This past weekend, I went to a house-warming party for some former clients that closed escrow a few months ago. I hadn't seen their home since the week they closed escrow and it was so nice to see the changes they have made since then. It got me to thinking about how they almost didn't buy this home because it was kind of a fixer. Amazing what a little time and sweat equity as well as a few professional upgrades can do for a home.
Here in Los Angeles & Ventura counties, our real estate market is absolutely saturated with run-down, dilapidated, dumpy properties. While most of the properties that fall into this category are REO's, they're most certainly not limited to just vacant foreclosures but can also be short sales as well.
Think about it, if you've got a homeowner who is not paying their mortgage, chances are they're probably not keeping up with routine maintenance matters either, especially if it's an investment short sale.
While I'm not a Realtor out there showing and listing these properties, I do see quite a few of the properties that many of my clients purchase. So many of the properties that many of my clients end up purchasing have so much deferred maintenance that for some of my buyers, it's really hard to get past the "cosmetic" issues to actually get a good idea of the properties "bones".
It's just disgusting the way that some of these properties are marketed and are allowed to be shown. I've lost count on how many properties I have walked into where it was obvious that the REO listing agent (LA) had not only never even been to the property before, but they obviously had no idea what the inside looked like and probably got that one picture in the MLS from the previous MLS listing.
For many of my clients, because of the price range that they're in is in the low end of the market around here (400k<), these are typically the only types of properties that they can afford to purchase. On that note, I try to prepare my clients (before they actually get out there looking at properties) of what they can expect to see in their price range. I try to explain to them the differences between a "cosmetic" fixer and a "total rehab" fixer.
It's usually at this point that I will discuss loan options for the "total rehab" fixer. But mostly, I try to encourage my clients to have a vision and to try and get past some minor deferred maintenance that is just "cosmetic" and to try and really see the home without these issues. It's amazing what a professional cleaning, trash removal, fresh paint, new flooring, new fixtures and some gardening and landscaping can do for a property.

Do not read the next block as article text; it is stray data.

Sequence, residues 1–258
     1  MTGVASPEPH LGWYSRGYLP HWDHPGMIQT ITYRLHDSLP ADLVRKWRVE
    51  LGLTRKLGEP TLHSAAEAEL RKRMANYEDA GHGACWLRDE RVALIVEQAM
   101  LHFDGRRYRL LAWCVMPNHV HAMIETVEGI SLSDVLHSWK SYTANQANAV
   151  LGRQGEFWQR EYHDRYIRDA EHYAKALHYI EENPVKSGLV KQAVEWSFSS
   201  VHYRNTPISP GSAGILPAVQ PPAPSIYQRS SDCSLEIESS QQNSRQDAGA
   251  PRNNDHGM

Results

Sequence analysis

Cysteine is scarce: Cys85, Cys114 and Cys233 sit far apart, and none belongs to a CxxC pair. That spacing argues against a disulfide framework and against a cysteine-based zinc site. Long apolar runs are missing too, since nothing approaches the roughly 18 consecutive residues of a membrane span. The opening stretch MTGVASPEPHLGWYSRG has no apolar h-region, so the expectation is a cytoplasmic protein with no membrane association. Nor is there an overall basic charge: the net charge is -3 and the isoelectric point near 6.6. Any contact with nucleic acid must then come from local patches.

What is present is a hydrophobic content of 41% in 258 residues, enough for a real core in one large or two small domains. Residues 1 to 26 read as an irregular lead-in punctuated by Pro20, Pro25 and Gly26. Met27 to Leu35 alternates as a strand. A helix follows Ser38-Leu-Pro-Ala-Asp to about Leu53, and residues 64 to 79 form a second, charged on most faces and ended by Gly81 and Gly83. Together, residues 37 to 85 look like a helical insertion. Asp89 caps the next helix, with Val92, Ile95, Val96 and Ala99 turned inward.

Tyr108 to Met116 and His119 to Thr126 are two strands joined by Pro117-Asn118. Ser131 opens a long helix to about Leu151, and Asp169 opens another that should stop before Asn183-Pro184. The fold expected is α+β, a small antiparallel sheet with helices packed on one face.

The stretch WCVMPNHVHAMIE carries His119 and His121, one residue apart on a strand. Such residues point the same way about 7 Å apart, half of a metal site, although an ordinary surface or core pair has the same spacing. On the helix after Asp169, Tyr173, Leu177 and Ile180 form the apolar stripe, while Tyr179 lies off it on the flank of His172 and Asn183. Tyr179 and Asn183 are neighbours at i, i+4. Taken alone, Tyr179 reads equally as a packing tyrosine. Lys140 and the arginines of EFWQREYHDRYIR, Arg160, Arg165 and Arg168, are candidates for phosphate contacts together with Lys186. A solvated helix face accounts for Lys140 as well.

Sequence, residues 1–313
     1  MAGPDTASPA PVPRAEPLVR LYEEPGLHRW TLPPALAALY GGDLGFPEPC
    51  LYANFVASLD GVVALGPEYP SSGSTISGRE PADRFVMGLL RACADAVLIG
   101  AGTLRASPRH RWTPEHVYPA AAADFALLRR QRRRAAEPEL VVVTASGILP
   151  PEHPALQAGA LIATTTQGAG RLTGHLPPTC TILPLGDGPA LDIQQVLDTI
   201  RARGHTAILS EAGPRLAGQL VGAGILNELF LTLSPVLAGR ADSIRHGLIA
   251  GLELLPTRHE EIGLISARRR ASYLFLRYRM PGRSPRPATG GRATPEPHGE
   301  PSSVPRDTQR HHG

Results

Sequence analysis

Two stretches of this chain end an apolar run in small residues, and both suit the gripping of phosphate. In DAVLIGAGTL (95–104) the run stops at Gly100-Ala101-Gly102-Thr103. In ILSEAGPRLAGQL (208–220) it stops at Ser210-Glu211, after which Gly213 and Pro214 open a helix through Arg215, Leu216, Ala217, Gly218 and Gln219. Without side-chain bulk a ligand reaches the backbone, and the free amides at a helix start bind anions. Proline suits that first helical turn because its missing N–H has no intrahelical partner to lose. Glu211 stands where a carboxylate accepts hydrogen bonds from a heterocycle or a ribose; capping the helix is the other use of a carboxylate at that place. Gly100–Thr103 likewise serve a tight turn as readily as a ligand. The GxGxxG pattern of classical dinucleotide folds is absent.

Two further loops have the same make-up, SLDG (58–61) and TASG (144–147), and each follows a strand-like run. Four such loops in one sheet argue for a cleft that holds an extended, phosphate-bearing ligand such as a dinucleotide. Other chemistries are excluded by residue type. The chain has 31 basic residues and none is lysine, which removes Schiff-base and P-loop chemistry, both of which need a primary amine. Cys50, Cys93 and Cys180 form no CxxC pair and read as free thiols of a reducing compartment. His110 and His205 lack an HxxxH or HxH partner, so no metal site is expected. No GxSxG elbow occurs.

For some, vision does not come naturally and they become so completely turned off by deferred maintenance that it actually becomes somewhat of a hindrance to their home search. They want that "move-in" ready home for that "total rehab" fixer price. They're not willing to look over and/or consider some minor "cosmetic" repairs in order to get a home with a great floor plan in a wonderful neighborhood.
The smart and motivated buyer though eventually learns to see the beauty under the beast (so to speak) or the "diamond in the rough". For example, last year, I worked with a couple who purchased a totally run-down, dilapidated, dump that was so incredibly disgusting when I first saw it, I actually asked my clients if they were out of their minds or on drugs even thinking about buying this home.
It was actually kind of bizarre watching my clients as they told me about their vision for the property and the plans they had if they could buy this home. It actually stopped me dead in my tracks, either that or it was the unknown goo that was all over the floor that prevented me from moving from the spot I was literally stuck to.
The property was absolutely filthy! The seller's son had been squatting in it for several months with his dog and several friends and the only redeeming quality about this property was that it was on a secluded, beautiful, tree-lined street in an absolutely wonderful neighborhood.
Don't even get me started on the stench that literally knocked you back a few feet just walking in the front door. Once again, there were the floors (a combo of hardwood & tile) that we were literally sticking to with every step we took. I actually lifted my pant legs up and walked on my tippy toes so that I had as little as possible actually touching that floor. Needless to say, I touched absolutely nothing else in the house that day, including the punched out walls, hanging doors with no door knobs or the horrendous trash everywhere that I am positive I saw moving once or twice. I'll leave the description of the yards to your own imagination.
Anyway, we eventually closed escrow on that property but, of course, not without a lot of hassle and drama that wore every one of us out by closing day. My clients were ecstatic and were so excited about getting started on their dream home.
It's been more than year since then and I have been to see my new friend's (they're in my hometown and we see them regularly) home on numerous occasions now and I have to admit, their vision is coming true. I would have never imagined it but fortunately for them, they did have a vision and a plan and they now have an absolutely wonderful home.
Hubby and I have been invited to a Halloween party at their home in a few weeks and I am so excited about seeing them again and seeing all the new things that they've done to the home since we were last there.
MORAL OF THE STORY: think twice before passing on that "fixer". That "dump" can actually be a "diamond in the rough" with a little vision.